According to the study ‘DYSMENORRHEA GLOBAL CLINICAL TRIALS REVIEW, H1, 2018’, menstrual issues are widespread among girls and this affects their daily physical and emotional wellbeing.Dysmenorrhea is the medical term for pain with menstruation. There are two types of dysmenorrhea primary and secondary with primary dysmenorrhea being common menstrual cramps that are recurrent in nature and are not caused by other diseases but lead to pain in lower abdomen, back or thighs. Secondary dysmenorrhea is long lasting pain that is caused by a disorder in the woman’s reproductive organs, such as endometriosis, adenomyosis, uterine fibroids or infection.
The medical fraternity is carrying out research studies in various known ailments including dysmenorrhea and studying its effects on the general life activities of women. It has been noted that the effects of dysmenorrhea transcend beyond personal discomfort, to female participation in other sectors. The declining participation of females in the educational sector and professional work environments is largely being attributed to dysmenorrhea. Evidence suggests that dysmenorrhea may also be a risk factor for other chronic pain conditions. Apart from this, dysmenorrhea has also been identified to be in strong association with other medical conditions. Dysmenorrhea has recently been recognized as the main symptom of Herlyn-Werner-Wunderlich Syndrome (HWW), evident by a case study. There is also obstruction mass or endometriosis associated with dysmenorrhea. MRI with capability of tissue differentiation is the gold standard for diagnosis. The primary purpose of surgery in this respect is to release the obstruction and prevent further complications. Studies conducted, on the prevalence of primary dysmenorrhea and its relationship with body mass index (BMI), have revealed surprising findings. Pair wise comparison of dysmenorrhea between different BMI groups showed a statistically significant difference in the frequency of moderate and severe dysmenorrhea between under weight and overweight subjects indicating that under weight females are at a higher risk of having primary dysmenorrhea. Thus, this study indicates a greater prevalence of moderate and severe dysmenorrhea in underweight as compared to overweight females, whilst conducting further research on the pathophysiological mechanisms responsible for this association.
Even on an international level dysmenorrhea is being extensively studied. The dysmenorrhea study conducted by the Department of Pharmacy of the College of Health Sciences of Mekelle University in northern Ethiopia is one of the latest researches that have shed light on dysmenorrhea. This was a cross sectional institution based study that was conducted on Mekelle University health science students. More than two-third of the students were found to be affected by this ailment and it was noted that participants who had long menstrual cycle interval, long menses flows, positive family history and who were alcohol consumers were more likely to have dysmenorrhea. It was also concluded that students feel depressed, have poor personal relationships and indulge in class absenteeism. A study conducted in Jordon produced similar results. Various other studies have approached the issue from different perspectives and have raised conclusions in diverse aspects. A study conducted in Vietnam showed that age at which menarche occurs and religion were associated as well whereas a study conducted in Turkey revealed that dysmenorrhea was significantly higher in coffee consumers and those who had a family history. An experimental study conducted in Iran showed that regular physical activity significantly reduced dysmenorrhea. Studies conducted in India support the findings that affected females frequently miss classes and college. Studies have also been conducted to understand the treatment measures adopted by those affected. The Ethiopian students researched seem to rely on self medication. ibuprofen appears to be popular among South-Indian subjects whereas paracetamol is widely used in Taiwan and Ghana. According to Egyptian study fresh ginger appeared effective in relieving menstrual pain.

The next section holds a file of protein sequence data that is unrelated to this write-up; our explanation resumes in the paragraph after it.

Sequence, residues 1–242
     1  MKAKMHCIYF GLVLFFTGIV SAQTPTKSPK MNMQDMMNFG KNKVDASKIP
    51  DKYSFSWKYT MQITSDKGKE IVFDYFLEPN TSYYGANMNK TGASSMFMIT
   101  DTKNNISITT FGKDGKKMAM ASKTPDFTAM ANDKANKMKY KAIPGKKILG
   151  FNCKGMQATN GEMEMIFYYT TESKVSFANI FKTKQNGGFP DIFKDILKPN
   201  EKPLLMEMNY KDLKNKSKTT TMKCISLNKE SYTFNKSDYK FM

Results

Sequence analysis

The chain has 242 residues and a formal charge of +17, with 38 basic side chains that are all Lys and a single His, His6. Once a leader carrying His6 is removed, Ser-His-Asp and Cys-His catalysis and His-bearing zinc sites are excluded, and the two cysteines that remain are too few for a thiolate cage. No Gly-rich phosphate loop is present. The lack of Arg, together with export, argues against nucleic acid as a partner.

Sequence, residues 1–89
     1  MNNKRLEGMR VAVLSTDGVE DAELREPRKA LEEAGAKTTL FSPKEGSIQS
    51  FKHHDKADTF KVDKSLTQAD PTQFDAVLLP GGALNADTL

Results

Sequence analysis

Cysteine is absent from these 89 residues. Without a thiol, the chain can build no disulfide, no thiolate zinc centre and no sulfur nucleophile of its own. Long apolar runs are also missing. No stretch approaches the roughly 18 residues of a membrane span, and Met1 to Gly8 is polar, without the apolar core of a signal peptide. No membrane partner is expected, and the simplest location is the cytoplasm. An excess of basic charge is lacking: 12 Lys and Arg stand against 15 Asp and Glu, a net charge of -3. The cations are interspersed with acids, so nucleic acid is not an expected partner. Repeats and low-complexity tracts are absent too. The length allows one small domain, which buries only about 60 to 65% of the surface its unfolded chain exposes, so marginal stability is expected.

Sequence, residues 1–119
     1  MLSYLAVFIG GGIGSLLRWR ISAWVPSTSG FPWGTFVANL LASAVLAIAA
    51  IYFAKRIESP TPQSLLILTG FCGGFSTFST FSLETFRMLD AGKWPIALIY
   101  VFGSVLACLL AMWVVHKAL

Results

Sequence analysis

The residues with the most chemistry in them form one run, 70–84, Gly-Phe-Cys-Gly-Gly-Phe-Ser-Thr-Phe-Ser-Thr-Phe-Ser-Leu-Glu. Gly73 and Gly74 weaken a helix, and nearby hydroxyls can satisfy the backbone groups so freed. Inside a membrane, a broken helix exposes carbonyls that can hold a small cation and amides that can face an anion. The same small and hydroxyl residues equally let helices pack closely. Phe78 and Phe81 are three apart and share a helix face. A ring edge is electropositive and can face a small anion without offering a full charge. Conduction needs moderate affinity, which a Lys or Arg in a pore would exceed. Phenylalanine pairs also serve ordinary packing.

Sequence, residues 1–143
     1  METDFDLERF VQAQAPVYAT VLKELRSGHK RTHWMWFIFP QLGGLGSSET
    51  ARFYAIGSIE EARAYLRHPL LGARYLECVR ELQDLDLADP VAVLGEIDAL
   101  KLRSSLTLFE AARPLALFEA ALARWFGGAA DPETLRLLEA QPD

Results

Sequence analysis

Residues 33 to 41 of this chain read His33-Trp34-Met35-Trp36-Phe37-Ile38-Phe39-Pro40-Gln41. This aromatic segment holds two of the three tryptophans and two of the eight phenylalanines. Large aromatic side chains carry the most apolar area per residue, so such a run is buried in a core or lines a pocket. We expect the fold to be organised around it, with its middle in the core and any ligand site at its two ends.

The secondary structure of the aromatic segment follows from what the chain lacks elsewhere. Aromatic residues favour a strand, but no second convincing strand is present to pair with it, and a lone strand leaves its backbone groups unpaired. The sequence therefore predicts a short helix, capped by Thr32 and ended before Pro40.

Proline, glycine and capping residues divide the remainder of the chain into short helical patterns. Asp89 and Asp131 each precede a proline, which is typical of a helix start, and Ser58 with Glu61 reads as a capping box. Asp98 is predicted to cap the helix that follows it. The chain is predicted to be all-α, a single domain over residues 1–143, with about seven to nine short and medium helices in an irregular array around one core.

Dysmenorrhea is widely being researched both in India and on the international front. An increasing number of studies from around the world are presenting different views on the subject and its treatment with some factors, such as family history, being globally recognized to increase susceptibility. The role dysmenorrhea plays in the decreasing female educational participation is also being widely recognized.
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Ankur Gupta, Head Marketing & Communications